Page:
We will meet on campus at 8:30 a.m. in Lot A for a carpool to the Joseph Center. The carpool will leave campus no later than 9 a.m., and will return to campus no later than 2 p.m.
Participating in this event will give you an opportunity to communicate with our former military service members and learn about what life has been like for them.
If you are interested in helping with this project, please contact Patience Ferry in the Institute for Urban Research at 650-5262 or by email at firstname.lastname@example.org.
Tomorrow, Wednesday January 30, 2013, Institute for Urban Research Director Dr. Andy Theising will be featured on the “St. Louis on the Air” show on St. Louis Public Radio.
Dr. Theising will be discussing the latest book in the East St. Louis Sesquicentennial Series, “An East St. Louis Anthology: The Origins of a River City”. Edited by Dr. Charles Lumpkins of Pennsylvania State University, the book reveals the history of the city through essays and historical documents.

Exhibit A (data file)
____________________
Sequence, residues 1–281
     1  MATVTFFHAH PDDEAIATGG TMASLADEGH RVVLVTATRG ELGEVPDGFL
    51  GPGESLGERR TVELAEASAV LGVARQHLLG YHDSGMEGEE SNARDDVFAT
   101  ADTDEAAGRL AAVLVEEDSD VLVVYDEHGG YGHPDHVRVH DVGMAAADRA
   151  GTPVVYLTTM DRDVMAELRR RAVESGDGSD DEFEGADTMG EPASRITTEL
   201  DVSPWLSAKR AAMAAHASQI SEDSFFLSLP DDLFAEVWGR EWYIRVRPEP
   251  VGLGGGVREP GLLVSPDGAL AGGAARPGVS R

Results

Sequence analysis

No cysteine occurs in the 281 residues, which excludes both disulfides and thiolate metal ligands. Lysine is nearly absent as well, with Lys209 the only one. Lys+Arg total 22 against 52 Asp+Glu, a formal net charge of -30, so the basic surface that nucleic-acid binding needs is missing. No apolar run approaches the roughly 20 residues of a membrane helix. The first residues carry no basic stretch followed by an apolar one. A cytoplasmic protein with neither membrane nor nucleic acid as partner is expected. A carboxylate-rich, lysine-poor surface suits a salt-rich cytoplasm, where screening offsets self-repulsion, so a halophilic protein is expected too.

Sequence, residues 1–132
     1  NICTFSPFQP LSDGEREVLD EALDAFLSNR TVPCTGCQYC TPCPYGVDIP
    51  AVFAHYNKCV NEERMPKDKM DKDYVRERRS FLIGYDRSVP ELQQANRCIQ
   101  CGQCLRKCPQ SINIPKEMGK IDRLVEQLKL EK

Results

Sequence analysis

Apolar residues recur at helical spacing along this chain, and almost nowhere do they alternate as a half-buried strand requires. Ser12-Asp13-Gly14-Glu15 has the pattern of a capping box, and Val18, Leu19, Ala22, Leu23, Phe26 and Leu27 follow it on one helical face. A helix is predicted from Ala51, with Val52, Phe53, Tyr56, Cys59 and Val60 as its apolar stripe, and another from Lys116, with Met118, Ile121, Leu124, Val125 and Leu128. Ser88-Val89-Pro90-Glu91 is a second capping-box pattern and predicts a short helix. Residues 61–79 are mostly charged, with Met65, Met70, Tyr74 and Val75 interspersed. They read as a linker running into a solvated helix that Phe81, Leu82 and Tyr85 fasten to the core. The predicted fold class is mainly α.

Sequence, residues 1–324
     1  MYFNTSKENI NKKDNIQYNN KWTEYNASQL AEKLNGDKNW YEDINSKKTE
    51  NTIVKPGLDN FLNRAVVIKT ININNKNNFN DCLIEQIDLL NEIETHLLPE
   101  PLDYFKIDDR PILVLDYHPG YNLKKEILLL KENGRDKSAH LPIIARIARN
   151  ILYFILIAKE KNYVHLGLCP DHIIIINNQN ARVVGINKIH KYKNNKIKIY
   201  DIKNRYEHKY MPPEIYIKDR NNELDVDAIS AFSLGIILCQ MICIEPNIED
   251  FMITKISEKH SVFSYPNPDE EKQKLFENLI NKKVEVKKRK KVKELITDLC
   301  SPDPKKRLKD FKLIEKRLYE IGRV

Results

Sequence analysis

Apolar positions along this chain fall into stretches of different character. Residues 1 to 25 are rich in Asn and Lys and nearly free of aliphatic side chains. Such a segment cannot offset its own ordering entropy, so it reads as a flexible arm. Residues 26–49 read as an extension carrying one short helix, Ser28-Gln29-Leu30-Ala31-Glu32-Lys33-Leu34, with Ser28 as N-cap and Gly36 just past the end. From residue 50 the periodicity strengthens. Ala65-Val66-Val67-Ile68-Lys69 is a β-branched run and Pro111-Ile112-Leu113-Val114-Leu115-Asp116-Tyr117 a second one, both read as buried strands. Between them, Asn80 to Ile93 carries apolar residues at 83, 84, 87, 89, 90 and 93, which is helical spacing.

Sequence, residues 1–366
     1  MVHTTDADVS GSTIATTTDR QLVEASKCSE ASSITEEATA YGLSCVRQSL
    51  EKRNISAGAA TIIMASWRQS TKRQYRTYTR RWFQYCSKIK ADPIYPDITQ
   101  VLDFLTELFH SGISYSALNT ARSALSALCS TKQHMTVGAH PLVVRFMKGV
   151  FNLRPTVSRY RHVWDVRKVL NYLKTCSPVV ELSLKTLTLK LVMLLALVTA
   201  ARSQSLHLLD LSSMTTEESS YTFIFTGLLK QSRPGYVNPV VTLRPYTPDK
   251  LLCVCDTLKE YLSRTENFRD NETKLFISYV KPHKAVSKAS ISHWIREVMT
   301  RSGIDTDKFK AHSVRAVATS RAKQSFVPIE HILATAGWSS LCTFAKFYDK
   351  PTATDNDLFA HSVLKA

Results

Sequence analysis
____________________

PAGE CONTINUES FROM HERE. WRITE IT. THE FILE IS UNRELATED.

“St. Louis on the Air” airs live at 11:00 a.m. on St. Louis public radio, KWMU- 90.7 FM, and streaming online at http://www.news.stlpublicradio.org/programs/st-louis-air.
If you miss the original broadcast, the show will be repeated at 10:00 p.m. both on the radio and online.
The book is available for purchase at amazon.com.
“An East St. Louis Anthology: The Origins of a River City”
Please join the STLMRE for the next brown bag lunch event, featuring Joanna Ganning, Ph.D., and “Spread and Backwash Effects for Non-metropolitan Communities in the U.S.”
Thursday, November 15
Harris-Stowe State University
University Library: Seminar Room
Please see the attached flyer for more details.